Commercial space companies could theoretically take you and your family on expensive vacations at floating hotels above Earth. However, such space hotels might have serious safety issues, especially if unregulated by the federal government with strict oversight by Congress.
Moreover, these new age hotels in space, which promise a “once in a lifetime vacation experience” could be as densely packed as submarines — albeit with the consolation of a cosmic view outside your window.
In addition to potentially being exposed to dangerous radiation, you would also be exposed to giant floating billboards and video screens with mega-advertising (as noted above) in close proximity to your 150–250 foot luxury space hotel cabin.
The Hill newspaper, which covers Congress, reports: “Proposals for space hotels, or at least private space stations that can be used as such, have been around for a number of years.”
- “A company called Orbital Assembly proposes building a space hotel by 2027.”
- “According to the plan, a wheeled structure would have accommodations for up to 280 guests, with a gourmet restaurant, entertainment center and a gym included.”
And let’s not forget about the 1968 epic science fiction film from the brilliant mind of the late Hollywood producer and director, Stanley Kubrick: 2001: A Space Odyssey.
In the prescient blockbuster— where corporations like Hilton sponsor space endeavors — an otherwise friendly autonomous onboard interactive computer named “Hal” badly malfunctions, attempts to take over the mission, and kills several of the crew (see video clip below).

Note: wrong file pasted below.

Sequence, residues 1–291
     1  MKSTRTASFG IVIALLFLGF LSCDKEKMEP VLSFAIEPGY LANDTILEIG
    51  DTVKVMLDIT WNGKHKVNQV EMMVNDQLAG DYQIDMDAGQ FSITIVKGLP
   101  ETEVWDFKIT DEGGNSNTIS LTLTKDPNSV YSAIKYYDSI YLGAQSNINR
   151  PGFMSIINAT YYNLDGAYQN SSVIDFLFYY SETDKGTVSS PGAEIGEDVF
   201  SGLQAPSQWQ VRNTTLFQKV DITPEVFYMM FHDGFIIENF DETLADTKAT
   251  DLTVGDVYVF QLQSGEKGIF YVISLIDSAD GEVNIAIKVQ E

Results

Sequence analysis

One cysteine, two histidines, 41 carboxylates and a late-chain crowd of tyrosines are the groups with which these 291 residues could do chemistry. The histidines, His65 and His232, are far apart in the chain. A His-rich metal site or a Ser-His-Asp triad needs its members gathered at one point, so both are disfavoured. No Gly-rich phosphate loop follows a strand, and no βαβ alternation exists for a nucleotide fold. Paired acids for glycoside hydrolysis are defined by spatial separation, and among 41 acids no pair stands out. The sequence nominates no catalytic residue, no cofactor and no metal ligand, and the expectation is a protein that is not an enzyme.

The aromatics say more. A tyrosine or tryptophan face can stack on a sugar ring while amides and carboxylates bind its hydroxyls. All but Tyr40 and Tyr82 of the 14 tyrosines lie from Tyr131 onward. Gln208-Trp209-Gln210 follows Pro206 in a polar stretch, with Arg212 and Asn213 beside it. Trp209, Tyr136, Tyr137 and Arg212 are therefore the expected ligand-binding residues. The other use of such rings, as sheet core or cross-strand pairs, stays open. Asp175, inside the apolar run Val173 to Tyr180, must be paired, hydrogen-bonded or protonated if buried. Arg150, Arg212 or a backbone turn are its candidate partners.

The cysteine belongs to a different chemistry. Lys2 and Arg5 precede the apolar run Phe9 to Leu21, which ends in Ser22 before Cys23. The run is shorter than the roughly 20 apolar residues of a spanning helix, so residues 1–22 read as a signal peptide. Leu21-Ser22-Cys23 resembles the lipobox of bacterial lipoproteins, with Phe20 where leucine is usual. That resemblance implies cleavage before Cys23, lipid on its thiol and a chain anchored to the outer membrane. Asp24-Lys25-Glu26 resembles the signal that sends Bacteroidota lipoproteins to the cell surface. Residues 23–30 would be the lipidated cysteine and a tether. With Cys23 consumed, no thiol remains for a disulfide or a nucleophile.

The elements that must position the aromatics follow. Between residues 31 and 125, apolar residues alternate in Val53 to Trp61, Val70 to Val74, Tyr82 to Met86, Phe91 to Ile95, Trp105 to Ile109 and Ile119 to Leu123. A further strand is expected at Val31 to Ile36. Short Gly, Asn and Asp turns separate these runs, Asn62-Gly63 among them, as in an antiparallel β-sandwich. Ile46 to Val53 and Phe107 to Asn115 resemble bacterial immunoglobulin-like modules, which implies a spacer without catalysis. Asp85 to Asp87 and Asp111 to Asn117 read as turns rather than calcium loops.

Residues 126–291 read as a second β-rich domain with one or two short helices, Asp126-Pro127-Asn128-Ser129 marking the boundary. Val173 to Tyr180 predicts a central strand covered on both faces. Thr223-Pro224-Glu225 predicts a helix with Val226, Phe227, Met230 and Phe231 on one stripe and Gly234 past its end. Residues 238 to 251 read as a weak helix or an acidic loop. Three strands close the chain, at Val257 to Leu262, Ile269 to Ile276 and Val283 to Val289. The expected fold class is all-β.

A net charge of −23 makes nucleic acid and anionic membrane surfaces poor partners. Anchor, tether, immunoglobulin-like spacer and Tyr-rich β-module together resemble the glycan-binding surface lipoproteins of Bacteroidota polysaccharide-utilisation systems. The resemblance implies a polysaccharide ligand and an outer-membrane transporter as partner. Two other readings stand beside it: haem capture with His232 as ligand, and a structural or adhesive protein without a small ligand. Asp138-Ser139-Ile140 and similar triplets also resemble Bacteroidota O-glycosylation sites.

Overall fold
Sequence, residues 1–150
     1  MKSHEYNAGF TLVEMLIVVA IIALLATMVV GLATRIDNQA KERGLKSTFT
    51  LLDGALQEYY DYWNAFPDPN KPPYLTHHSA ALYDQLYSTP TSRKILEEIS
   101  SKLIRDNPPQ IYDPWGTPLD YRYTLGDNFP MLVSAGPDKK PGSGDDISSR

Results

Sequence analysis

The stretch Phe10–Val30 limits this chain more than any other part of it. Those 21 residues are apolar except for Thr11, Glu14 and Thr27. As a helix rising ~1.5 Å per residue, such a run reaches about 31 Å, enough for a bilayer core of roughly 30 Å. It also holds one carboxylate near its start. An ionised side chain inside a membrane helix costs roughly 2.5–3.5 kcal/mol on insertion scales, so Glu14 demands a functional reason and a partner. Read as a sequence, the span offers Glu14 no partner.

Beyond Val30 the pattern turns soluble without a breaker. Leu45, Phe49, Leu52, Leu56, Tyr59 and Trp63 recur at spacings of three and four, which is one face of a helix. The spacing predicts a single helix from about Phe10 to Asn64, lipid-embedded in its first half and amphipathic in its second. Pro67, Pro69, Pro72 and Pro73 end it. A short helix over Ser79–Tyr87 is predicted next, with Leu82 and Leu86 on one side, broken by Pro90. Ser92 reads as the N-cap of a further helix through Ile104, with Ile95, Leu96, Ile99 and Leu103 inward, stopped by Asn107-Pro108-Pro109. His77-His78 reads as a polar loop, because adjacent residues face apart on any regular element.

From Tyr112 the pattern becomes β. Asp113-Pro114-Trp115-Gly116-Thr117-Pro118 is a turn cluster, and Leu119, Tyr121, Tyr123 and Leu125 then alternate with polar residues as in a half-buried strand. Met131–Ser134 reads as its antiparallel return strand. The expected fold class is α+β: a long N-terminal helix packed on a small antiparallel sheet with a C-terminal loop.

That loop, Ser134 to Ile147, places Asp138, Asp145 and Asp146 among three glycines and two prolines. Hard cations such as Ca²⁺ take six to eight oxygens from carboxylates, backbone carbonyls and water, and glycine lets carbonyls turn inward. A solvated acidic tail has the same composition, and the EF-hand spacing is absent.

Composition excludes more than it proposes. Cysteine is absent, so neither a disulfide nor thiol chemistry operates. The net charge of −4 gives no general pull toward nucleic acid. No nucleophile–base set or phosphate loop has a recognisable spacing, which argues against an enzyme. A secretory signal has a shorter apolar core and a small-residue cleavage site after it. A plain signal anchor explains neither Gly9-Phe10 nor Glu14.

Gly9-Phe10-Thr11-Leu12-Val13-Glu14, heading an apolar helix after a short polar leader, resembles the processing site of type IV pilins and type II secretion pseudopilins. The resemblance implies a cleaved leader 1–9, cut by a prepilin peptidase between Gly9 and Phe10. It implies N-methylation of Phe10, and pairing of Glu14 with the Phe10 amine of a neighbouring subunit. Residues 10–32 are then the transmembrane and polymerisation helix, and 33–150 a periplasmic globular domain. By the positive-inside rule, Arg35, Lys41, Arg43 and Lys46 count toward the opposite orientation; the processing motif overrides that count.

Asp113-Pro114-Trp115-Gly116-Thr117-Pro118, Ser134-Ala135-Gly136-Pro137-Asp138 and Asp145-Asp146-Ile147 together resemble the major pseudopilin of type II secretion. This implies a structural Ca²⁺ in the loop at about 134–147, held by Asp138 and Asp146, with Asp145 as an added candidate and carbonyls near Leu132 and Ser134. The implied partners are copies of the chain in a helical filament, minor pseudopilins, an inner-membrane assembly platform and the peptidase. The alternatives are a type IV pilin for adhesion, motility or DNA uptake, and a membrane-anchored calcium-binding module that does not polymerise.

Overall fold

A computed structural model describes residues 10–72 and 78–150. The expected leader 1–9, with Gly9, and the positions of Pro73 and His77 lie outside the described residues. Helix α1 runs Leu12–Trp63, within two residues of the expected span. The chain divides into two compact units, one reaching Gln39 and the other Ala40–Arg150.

What happens to civilian space passengers if autonomous onboard computers controlling the spaceflight have unforeseen technical anomalies and become erratic?
My prior article on this topic received many interesting comments (and about 1,000 views) from people worldwide in my social network when I posted it on LinkedIn. Most think commercial space tourism and entertainment is a bad idea which is confined to the super rich.
Here’s a sampling of what people had to say:
- David A. Bray, PhD (USA): “Getting to space — as others have mentioned — is both costly and hazardous too. Space may be attractive — what can we do to make understanding our biomes, oceans, and nature here at home attractive too?”
- Debesh Choudhury, PhD (India): “The wealthiest 1 percent is playing with space tourism. Our say would never be able to make any change in their business plan/policy. Space tourism is by the rich and for the rich.”
- Susan Dolan (UK): “There’s enough people to help on Earth without running away to tour other planets! Should look at the monopolies on Earth before creating one in SpaceX.”
“Earth is yet unique and beautiful and still many areas are not yet explored, forget about space.” —debasish majumder(India)
- Donna-Luisa Eversley (Trinidad and Tobago): “A commercial/space tourism market is quite a narrow niche, to facilitate the rich adventurer, but is not sustainable in the next ten years. Too many folks are in need of basic sustenance globally.”